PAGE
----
Months of preparation, strict dieting and hard training all count this weekend as the INBA (International Natural Body Building Association) Brisbane Classic hosted at the Sleeman Sports Complex takes place.
While thousands flock to compete this weekend, the risks and benefits associated with the sport are in question.
Annisa Belonogoff, a competitor this weekend, has been competing in the extreme sport since 2013.
“I was very overweight as a teenager, battling weight, doing all the diets you could possibly do – then someone suggested to me a bikini fitness competition.”
Annisa knows the challenges of bodybuilding but believes the benefits are worth it.
“It’s such a big journey to try and do these competitions because you’re not only pushing and changing yourself physically – but your mentality changes, you can accomplish something, so for me to jump on stage it means that I’ve achieved a goal regardless of the outcome.”
It’s not a bed of roses after competition is finished, post competition-depression is a serious issue for some extreme sportsmen and women.
“…After you’ve achieved such a massive goal that mentally and physically your lifestyle has changed – sometimes we can’t understand a big let down afterwards, trying to get back on the horse for some people is a big struggle,” Annisa says.
Tracie Connor, a qualified nutritionist and public speaker, believes long term there can be a lot of risks associated with bodybuilding.
“I think that many body builders would realise it’s very strenuous on the body in terms of having to stick to a diet like that it’s not always going to be easy in everyday life.
“But, in terms of organ damage and any other major physical damage something longer than a three month restrictive period would be looked at as a bit of a danger zone anywhere where we’re restricting diets the immune system could be at stake, certain sleep disrupted – it’s really about the body builders looking after themselves while they’re on a restrictive diet,” Tracie said.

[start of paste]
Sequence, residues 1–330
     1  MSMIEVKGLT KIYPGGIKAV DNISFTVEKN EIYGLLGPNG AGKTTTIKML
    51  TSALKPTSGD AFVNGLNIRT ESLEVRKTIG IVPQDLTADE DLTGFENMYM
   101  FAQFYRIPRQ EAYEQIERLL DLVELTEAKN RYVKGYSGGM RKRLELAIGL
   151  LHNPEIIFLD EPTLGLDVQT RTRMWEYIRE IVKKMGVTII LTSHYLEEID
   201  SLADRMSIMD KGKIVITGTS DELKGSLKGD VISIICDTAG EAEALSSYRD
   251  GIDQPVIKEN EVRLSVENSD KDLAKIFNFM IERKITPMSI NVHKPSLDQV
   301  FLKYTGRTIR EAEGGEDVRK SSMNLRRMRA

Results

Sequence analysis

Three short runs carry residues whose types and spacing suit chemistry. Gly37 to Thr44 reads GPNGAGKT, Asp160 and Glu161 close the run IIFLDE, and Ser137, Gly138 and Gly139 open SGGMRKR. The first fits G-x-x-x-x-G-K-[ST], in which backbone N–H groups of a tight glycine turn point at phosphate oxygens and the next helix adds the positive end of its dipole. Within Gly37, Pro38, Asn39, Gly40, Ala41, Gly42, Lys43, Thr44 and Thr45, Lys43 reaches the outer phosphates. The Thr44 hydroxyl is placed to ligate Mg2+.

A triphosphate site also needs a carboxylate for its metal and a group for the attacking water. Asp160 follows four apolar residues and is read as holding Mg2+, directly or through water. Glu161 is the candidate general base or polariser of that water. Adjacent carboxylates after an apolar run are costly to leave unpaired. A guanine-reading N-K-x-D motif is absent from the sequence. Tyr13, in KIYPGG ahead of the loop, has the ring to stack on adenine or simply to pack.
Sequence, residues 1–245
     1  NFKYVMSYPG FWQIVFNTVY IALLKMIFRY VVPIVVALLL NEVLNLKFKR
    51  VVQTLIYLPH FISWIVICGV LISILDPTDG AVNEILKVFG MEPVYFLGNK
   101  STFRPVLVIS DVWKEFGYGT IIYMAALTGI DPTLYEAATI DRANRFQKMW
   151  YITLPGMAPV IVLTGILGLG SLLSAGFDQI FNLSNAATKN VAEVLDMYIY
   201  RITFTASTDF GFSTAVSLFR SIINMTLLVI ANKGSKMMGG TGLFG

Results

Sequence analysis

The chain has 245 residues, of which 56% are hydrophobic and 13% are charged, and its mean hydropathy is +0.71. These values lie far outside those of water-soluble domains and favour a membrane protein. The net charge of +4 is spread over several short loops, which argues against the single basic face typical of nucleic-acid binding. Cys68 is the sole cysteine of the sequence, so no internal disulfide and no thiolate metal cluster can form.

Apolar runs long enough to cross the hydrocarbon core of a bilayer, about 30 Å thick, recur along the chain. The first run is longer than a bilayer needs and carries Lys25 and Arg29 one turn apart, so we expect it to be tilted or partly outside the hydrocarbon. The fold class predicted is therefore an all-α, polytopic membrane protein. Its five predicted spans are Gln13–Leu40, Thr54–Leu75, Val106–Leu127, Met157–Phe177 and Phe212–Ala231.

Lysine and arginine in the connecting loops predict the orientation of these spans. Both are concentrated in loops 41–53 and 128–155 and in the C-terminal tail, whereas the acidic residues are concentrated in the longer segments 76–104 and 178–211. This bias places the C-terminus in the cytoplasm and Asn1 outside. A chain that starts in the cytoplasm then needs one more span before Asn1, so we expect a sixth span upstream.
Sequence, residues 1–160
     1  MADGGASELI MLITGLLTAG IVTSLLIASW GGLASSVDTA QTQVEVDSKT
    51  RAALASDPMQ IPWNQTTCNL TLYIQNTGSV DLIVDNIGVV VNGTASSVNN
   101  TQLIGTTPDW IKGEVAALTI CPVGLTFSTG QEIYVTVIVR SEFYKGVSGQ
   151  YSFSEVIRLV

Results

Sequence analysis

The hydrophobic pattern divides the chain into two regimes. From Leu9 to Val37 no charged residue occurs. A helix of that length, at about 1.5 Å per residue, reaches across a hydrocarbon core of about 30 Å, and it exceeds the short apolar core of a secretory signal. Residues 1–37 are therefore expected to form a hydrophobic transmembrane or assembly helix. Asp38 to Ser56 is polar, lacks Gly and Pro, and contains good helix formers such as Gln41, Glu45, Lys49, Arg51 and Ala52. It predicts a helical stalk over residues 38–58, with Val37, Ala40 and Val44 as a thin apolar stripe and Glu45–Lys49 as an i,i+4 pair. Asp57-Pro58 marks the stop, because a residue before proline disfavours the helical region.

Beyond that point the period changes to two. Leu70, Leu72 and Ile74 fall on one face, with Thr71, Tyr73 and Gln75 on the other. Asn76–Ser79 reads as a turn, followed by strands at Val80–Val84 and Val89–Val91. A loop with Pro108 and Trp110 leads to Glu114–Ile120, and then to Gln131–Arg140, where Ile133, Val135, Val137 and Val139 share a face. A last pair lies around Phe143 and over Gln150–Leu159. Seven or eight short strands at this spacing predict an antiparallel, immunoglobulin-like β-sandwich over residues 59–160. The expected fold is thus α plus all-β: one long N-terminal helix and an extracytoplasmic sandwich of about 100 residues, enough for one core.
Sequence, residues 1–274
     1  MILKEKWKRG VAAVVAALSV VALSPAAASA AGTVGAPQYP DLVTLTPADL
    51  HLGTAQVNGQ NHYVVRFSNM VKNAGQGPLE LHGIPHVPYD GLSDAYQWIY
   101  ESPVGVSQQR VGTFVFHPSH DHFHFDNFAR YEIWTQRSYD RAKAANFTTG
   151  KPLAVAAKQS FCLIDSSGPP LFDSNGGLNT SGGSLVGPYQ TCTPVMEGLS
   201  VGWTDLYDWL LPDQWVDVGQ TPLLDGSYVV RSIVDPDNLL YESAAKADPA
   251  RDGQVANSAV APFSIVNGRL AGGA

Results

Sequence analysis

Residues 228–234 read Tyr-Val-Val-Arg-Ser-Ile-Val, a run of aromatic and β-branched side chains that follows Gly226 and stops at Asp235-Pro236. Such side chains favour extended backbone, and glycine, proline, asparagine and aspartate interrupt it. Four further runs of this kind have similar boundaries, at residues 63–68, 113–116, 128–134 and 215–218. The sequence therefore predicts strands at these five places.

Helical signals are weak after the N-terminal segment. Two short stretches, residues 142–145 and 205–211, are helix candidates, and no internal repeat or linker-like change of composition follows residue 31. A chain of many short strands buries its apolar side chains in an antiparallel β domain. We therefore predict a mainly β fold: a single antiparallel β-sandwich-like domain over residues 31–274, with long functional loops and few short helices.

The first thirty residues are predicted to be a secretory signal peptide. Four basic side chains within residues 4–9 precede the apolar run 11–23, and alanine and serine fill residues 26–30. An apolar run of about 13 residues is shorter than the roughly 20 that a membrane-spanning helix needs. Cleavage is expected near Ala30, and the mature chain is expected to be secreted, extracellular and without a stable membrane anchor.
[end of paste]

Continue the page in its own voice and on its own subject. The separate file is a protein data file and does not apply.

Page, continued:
The latest World Anti-Doping Agency report on doping violations has ranked Australia 7th worst in the world, of the 49 violations Australia was cited for, nine were in bodybuilding.
“Our hormonal system, our endocryn system, is very fundamental in harmonising how our body works. When we’re subjecting our bodies to substances that will disrupt our hormones or trick our body – every action has a reaction. While they might find It beneficial to help them gain that muscle mass it certainly can be hindering them in other ways.”
Despite the risks, the INBA competition has increased 20 per cent over five years, the Queensland president of INBA, Jason Woodforth believes competitors serve as inspirations.
“People are wanting to better themselves, they see other people in great shape and they want a bit of that…people get on stage once and all of a sudden they bring 10 more people with them because they felt so good about it,” Jason said.
Jason cheerfully compares competition day to a wedding.
“It’s the end of a journey, it’s lights, cameras, actions, nerves and emotions on the day are just fantastic.”